From A Perfect Hatred Book One,
Complicated Social Situations
Giving her statement to the Fairfax County Police didn’t take long, despite Mai’s tendency to be thorough. They were scrupulous about checking her gun permits, though. She kept asking about her assailant but got the brush-off every time. Finally Officer Davis Russell explained the unhappy boy sat in a holding cell, his bruised arm in a sling.
The boy’s surly attitude had turned nastier after he’d learned he’d be in jail overnight. Russell explained he’d called the boy’s mother, but she was unable to leave her job and indicated she didn’t have the bail money anyway.
“Don’t you dare front his bail,” Russell said. “That’ll prejudice the case.”
Mai wondered if a night in jail might make the boy think twice about trying to steal someone else’s car, and she mentioned that to Russell.
“That Scared Straight stuff doesn’t seem to work on these kids today, but who knows? I’ve already heard back from a lawyer after I called the number you gave me.” He leaned back in his chair, arms crossed over his chest, and stared at her.
“What?” she asked.
“This shit-head kid pulls a gun on you, and you’re paying for a lawyer.”
“Well, recall who disarmed him. Did you check his weapon?”
“You were right. He didn’t know he had to rack the action to chamber a round, but I would never bet my life on a punk’s inexperience. If you got the means and the training, and you obviously do, you, uh, take care of the guy pointing the gun at you.”
“Yes, someone else essentially said the same thing to me afterwards. Look, I wasn’t interested in splattering his brains all over the garage. I’d already disarmed him. If I’d shot him, I’d be the one in a holding cell right now.”
Russell narrowed his eyes at her. “I’ve never met a… What exactly are you?”
“An analyst for the United Nations who works in refugee relief.”
“I know a bunch of analysts who work for the government, and they don’t carry guns.”
“Too bad for them.”
“My supervisor said you must be a spy.”
“If that were the case, Officer Russell, you’ve blown my cover. Now, I’ll have to shoot you.”
The flat, emotionless tone made his jaw go slack, but she smiled and winked at him this time. He covered his embarrassment with a nervous laugh.
That trite little saw worked every time.
He leaned toward her, arms resting on the table. “So, are you available?”
“Drinks, dinner, and whatever happens after than.”
He was a prime specimen. Late thirties, well-arranged, handsome face, neatly trimmed mustache, sandy hair, a good build which his ballistic vest didn’t obscure. Her eyes flicked to his left hand. No ring, but that meant nothing. Alexei never wore a wedding ring.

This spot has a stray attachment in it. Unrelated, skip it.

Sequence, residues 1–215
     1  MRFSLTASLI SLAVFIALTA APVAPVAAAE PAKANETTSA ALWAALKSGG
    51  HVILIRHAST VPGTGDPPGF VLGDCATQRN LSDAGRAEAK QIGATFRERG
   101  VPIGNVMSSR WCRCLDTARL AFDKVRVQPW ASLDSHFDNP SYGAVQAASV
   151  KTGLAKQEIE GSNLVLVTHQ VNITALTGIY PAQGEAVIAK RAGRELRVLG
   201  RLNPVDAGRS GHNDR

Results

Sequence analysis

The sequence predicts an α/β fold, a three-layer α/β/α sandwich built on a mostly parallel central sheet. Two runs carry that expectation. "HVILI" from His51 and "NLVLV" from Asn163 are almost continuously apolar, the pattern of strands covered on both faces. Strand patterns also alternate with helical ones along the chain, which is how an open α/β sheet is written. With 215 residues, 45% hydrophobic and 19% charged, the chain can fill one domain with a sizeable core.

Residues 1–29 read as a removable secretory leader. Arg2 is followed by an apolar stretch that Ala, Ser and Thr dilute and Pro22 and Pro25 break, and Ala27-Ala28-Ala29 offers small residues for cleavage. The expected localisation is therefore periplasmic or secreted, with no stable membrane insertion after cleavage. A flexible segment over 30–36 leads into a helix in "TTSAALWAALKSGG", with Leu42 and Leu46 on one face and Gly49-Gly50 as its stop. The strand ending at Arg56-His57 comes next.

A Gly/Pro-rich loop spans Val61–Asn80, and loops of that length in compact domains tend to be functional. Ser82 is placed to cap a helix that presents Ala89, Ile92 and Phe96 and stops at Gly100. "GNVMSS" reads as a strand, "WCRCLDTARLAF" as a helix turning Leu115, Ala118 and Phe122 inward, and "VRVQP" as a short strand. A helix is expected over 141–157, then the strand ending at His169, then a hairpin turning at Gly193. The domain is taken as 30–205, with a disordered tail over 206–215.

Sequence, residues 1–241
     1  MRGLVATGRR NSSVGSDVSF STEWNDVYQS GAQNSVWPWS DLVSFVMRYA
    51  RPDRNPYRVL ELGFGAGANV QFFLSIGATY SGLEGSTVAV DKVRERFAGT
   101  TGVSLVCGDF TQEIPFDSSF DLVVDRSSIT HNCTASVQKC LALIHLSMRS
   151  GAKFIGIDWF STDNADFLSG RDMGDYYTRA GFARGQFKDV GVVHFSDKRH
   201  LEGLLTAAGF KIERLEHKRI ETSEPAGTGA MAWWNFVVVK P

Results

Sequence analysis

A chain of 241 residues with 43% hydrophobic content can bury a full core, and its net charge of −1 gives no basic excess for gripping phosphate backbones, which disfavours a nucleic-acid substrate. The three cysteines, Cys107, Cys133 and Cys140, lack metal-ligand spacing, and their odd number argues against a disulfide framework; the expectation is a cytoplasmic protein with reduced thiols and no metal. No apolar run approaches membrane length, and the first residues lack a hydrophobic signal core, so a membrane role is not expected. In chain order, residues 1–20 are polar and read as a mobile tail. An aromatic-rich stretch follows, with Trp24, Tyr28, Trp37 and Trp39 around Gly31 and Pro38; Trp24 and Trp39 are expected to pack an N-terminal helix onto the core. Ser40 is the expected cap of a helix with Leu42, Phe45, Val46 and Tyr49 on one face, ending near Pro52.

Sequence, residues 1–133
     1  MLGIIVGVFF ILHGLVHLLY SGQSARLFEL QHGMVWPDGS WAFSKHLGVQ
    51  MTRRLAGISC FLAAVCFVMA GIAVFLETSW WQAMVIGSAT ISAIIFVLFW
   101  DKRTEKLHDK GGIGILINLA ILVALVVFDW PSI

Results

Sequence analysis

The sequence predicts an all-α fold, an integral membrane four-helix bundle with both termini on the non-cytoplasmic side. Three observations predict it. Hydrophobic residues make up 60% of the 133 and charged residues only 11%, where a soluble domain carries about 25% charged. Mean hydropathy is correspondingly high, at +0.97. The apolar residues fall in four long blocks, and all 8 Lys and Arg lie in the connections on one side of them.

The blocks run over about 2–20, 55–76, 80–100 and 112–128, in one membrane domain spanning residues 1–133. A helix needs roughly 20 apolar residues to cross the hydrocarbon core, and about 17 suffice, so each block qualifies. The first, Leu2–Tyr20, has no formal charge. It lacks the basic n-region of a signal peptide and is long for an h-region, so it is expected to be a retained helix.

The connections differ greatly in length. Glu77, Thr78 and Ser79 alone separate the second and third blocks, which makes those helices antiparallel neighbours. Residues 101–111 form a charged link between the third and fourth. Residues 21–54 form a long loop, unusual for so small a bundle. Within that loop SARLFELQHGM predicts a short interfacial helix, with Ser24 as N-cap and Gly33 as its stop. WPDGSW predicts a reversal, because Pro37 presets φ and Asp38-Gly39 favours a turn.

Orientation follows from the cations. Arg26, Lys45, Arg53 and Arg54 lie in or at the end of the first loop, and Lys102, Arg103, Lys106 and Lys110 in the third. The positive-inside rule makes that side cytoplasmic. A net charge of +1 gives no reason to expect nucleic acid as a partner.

No, this one was too clean-cut, all-American. Definitely not her cup of tea.
“Seriously?” she said. “You see a woman handling a gun, and you want to ask her out??
“Well, hell yes. Are you available?”
“Sorry. Spoken for.”
“Yes. A house in the suburbs, an SUV, a husband, and a soon to be teenager. All quite dull and conventional.”
“You can’t fault a guy for trying.”
“You certainly can’t. What’s my assailant’s name?”
“Scott Wilder. Local kid. No priors.”
“You saw his tee-shirt and tattoo?”
Russell nodded and said, “A skinhead or a wannabe.”
“Is there much of that in this area?”
“Not much. Isolated stuff. Spray-painted neo-Nazi graffiti. Have you seen the numbers eight, eight among gang tags?”
Mai thought she might have and said so. “What does eighty-eight stand for?”
“Not eighty-eight. Eight, eight. The eighth letter of the alphabet.”
“Yep, as in Heil, Hitler.”
“How unoriginal. What else have they been up to? I’d like to know what other crap I have to protect a teenaged girl from besides the inevitable legion of boys.”
“An occasional queer-bashing. The car-jackings. Some of them have gone out of their way to select a person of color to ‘jack, usually an older man or a woman alone, a woman with a child.”
“Yeah, well, they think they’re Nazis.”
“Has he been questioned yet?”
“The detectives will get around to it, but he overheard what you said about the lawyer, so he’s shut up.”
“May I talk to him?”
She thought Russell might tip the chair.
“What on earth for?”
“I’m an analyst. Information-gathering is my job.”
“What the hell does a skinhead have to do with refugee relief?”
“There are skinheads all over the world. It would be completely off the record, and I’m curious why a fifteen-year-old is enamored of Adolph Hitler.”
They stared at each other, neither yielding.
“If you don’t let me,” Mai said, “I’ll call some people in the FBI who owe me favors, and, well, why can’t we do this amicably?” She smiled at him.
He shrugged. “I guess it couldn’t hurt.”